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Format: Hardcover
There are 11 chapters in two parts, starting off with a discussion of why we should even bother, assessing the reliability and importance of sources, and differentiating what can be said from what can’t be said, before moving on to the actual person of Jesus, with the same process. Some, most probably the Evangelicals, will wonder why we need to do this at all, but not everyone is obsessed with the Bible as the only source of information on Jesus, or so infuriatingly certain about Jesus’ character on such little Biblical evidence.

Some bay feel put off by the size of the book, but as an example, Chapter 4 is 23 pages, but only 10 pages of that are the text, and the headings and sub-headings take up a fair bit of space, so less than half of the pages actually need to be read, and those that do need to be read are in short sections. The other pages are the notes that only need to be read if you wish to. It is not nearly as intimidating as it looks.

I found Meier’s style to be very readable. Yes, of course, some of the analysis and refutations of silly assertions can be a little convoluted at times, but these are few and far between. Taking this book in short bursts I read it in two days.

Some may question why Jesus’ marital status (single) needs to be analysed, but with people taking their impressions of Christianity from writers like Dan Brown and Prof Dawkins, rather than by the hard-core experience of trying it out for several years, there is a great deal of drivel being passed off as fact.
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Format: Hardcover
well if meieer goes to five volume we are in for a lot of reading . its not an easy read though with a lot of notes in each chapter.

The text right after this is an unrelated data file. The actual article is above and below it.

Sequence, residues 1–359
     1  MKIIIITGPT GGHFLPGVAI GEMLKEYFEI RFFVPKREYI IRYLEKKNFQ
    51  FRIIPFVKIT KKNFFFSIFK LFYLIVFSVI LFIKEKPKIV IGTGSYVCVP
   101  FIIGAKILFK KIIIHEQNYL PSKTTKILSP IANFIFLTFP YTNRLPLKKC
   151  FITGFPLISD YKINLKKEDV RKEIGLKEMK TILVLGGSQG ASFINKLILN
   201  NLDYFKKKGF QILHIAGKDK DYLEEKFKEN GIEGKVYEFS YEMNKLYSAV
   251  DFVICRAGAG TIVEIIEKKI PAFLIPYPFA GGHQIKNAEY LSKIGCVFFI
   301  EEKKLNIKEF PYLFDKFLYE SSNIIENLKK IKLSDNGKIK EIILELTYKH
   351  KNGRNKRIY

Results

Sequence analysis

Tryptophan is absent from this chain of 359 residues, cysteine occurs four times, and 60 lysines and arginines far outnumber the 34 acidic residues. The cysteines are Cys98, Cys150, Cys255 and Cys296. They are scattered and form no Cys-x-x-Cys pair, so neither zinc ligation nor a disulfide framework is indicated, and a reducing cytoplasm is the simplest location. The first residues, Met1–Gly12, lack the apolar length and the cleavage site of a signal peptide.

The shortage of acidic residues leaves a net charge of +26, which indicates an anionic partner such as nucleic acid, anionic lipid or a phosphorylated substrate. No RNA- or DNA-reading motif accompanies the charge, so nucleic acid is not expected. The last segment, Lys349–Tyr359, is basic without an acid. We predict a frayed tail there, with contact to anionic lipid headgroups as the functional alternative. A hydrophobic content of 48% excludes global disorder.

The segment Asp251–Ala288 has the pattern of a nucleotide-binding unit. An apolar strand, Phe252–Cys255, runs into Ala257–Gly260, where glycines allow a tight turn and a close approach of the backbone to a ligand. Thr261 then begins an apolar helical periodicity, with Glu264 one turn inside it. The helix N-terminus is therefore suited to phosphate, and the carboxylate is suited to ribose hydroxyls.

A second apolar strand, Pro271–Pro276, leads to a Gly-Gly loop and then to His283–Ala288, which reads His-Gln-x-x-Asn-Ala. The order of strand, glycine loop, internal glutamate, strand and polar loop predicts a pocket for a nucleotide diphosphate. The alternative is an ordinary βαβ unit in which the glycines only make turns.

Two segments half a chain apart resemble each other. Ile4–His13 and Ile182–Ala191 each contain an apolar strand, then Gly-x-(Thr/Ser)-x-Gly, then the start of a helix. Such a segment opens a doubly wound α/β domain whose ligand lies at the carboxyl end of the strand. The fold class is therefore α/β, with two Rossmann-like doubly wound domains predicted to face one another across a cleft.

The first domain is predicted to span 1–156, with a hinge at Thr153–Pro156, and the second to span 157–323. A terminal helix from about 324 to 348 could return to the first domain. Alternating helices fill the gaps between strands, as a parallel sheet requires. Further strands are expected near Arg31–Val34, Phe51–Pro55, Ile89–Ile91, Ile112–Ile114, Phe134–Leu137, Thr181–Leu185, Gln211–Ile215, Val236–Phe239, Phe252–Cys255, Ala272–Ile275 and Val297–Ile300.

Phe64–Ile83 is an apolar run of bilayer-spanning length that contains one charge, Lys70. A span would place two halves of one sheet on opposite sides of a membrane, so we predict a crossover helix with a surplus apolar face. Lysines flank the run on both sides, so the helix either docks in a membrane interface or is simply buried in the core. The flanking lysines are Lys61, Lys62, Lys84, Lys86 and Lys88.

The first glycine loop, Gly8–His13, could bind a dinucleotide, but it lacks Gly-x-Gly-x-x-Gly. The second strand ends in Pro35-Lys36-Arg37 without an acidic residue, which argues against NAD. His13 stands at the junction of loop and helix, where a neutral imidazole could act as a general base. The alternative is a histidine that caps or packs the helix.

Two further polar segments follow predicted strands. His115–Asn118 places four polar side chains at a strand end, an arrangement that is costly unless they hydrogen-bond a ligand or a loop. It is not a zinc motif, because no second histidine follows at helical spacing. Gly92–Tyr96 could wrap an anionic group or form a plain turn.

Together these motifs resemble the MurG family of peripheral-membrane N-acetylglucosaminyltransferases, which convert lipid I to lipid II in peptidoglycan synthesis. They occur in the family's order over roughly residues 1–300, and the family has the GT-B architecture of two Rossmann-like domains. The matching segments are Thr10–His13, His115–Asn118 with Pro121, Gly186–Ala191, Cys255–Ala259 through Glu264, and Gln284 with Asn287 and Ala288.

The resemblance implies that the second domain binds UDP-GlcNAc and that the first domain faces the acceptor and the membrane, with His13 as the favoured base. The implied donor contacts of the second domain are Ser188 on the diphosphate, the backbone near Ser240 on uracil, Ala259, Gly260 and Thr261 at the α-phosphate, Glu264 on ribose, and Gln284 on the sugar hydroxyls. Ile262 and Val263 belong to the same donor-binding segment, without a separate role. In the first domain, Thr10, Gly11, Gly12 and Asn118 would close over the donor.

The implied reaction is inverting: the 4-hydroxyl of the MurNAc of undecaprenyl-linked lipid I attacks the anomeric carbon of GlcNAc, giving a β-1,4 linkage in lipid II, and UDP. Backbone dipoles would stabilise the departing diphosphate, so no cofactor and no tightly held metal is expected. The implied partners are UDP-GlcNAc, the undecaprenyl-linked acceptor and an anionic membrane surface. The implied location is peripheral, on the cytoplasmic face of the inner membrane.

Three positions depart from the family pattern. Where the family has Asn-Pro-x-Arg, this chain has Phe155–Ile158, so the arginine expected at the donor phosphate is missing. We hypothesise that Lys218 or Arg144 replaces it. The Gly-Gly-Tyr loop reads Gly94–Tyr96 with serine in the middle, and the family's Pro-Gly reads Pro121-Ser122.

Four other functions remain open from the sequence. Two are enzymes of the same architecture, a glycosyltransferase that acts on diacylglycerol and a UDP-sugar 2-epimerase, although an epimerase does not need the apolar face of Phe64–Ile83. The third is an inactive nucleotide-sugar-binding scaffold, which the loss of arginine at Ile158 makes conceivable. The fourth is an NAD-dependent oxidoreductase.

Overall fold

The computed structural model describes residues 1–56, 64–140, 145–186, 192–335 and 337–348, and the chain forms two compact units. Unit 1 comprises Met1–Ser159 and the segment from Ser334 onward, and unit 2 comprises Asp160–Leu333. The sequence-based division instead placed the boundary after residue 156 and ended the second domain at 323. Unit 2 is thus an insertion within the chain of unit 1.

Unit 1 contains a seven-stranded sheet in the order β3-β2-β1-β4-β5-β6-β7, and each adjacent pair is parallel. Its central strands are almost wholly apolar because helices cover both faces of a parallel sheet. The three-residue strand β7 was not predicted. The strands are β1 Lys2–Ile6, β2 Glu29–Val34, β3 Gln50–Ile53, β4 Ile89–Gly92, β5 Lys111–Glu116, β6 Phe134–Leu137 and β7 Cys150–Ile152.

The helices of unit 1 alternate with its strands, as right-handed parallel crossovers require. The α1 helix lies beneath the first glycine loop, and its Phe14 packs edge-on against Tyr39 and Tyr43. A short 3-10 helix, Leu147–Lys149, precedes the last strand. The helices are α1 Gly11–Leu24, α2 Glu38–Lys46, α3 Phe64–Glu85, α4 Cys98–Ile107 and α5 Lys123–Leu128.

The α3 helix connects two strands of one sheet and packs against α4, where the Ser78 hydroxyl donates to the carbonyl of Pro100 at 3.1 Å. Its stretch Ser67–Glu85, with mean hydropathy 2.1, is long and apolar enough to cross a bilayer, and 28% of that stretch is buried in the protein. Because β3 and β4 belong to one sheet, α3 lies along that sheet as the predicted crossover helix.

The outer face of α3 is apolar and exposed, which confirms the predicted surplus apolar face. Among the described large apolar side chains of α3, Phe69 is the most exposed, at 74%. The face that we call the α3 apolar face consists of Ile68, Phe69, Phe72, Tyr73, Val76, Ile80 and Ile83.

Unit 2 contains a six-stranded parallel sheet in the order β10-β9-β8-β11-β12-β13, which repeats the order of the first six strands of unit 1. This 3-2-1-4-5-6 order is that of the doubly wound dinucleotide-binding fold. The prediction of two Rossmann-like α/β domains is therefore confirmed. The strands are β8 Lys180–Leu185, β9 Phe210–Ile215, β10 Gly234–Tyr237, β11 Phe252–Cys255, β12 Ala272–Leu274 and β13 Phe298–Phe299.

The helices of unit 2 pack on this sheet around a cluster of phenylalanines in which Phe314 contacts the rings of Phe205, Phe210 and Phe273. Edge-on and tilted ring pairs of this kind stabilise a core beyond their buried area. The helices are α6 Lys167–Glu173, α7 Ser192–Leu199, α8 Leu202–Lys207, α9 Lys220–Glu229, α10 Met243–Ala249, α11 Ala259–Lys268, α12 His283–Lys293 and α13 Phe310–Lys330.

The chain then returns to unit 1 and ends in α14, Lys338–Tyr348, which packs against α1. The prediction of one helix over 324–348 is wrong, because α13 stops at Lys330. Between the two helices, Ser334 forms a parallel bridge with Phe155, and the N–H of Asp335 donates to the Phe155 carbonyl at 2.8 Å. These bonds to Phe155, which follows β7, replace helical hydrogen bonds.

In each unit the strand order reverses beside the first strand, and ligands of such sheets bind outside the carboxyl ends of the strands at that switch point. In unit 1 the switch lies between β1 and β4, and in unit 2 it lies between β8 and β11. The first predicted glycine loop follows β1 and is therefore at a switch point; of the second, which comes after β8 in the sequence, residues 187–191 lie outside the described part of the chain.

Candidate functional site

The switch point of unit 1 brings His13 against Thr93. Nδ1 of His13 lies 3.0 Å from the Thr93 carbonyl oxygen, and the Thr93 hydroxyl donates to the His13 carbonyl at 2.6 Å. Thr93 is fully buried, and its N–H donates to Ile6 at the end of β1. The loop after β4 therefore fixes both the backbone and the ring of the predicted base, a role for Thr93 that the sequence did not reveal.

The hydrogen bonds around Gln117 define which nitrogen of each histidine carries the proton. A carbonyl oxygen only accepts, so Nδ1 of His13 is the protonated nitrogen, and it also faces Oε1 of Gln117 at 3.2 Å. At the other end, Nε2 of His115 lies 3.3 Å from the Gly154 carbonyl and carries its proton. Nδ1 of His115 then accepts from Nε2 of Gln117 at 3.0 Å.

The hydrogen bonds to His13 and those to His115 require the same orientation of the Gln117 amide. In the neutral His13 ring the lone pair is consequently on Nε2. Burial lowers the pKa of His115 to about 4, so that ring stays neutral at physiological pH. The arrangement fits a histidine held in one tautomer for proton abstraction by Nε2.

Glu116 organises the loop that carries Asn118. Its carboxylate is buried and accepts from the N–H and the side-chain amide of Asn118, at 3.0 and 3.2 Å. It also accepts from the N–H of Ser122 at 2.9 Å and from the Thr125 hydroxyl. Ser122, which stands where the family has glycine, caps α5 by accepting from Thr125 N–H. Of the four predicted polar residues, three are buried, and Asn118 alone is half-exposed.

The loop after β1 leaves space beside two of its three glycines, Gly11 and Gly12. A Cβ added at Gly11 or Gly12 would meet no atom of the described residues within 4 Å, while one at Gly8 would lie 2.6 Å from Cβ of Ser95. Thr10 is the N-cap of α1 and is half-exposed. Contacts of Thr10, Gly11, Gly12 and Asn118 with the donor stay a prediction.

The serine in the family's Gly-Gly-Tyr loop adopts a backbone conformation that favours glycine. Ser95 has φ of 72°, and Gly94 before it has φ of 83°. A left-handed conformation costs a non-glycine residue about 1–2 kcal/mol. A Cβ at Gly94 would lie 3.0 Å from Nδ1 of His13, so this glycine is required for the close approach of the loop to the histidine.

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Format: Hardcover
This is an excellent survey of the historicity of the ministry of Jesus complete with analyses of the proclamations and deeds of Christ. I noted with interest that Pope benedict XVI cites these books with partial approval in his book: "Jesus of Nazareth", noting however that one must recognise the limits of the historical-criticial approach; the answer to what really happended surely cannot be resolved through textual analysis alone. I take some issue with the (spinoza-esque) basic rule book approach adopted by the purveyors of this method of analysis. One example, which still irritates me, is Meier's rejection of the historicity of Jesus's walking on water, notwithstanding that this scene is recorded in all four gospels. He ends up concluding that this was most likely an inspirational narrative created by the post-Easter community. But, is it not more likely that, armed, as they were, with the tangible signs of Jesus's resurrection that they began to see the events in the ministry in new light. Thus, looking back and remembering that Jesus had indeed walked on the water, would they not have gone back through their scriptures and noted how it is Yahweh, who walks on the water, thereby further assisting them in understanding precisely who Jesus was post resurrection. After all, just before Jesus ascended, it is noted pithily that some still doubted. Was it not likely therefore that an examination of the ministry data lead them further (moved by the Spirit) to discover that Jesus was indeed True God and True Man. A similar analytical approach leads to Meier's rejection of the Wedding feast of Cana.

In short, this is a good book provided one absolutely realises the limited nature of such works engaged in seeking to find out what really happened.

Readers of these books should also read Pope Benedict's "Jesus of Nazareth" to arrive at a balanced perspective.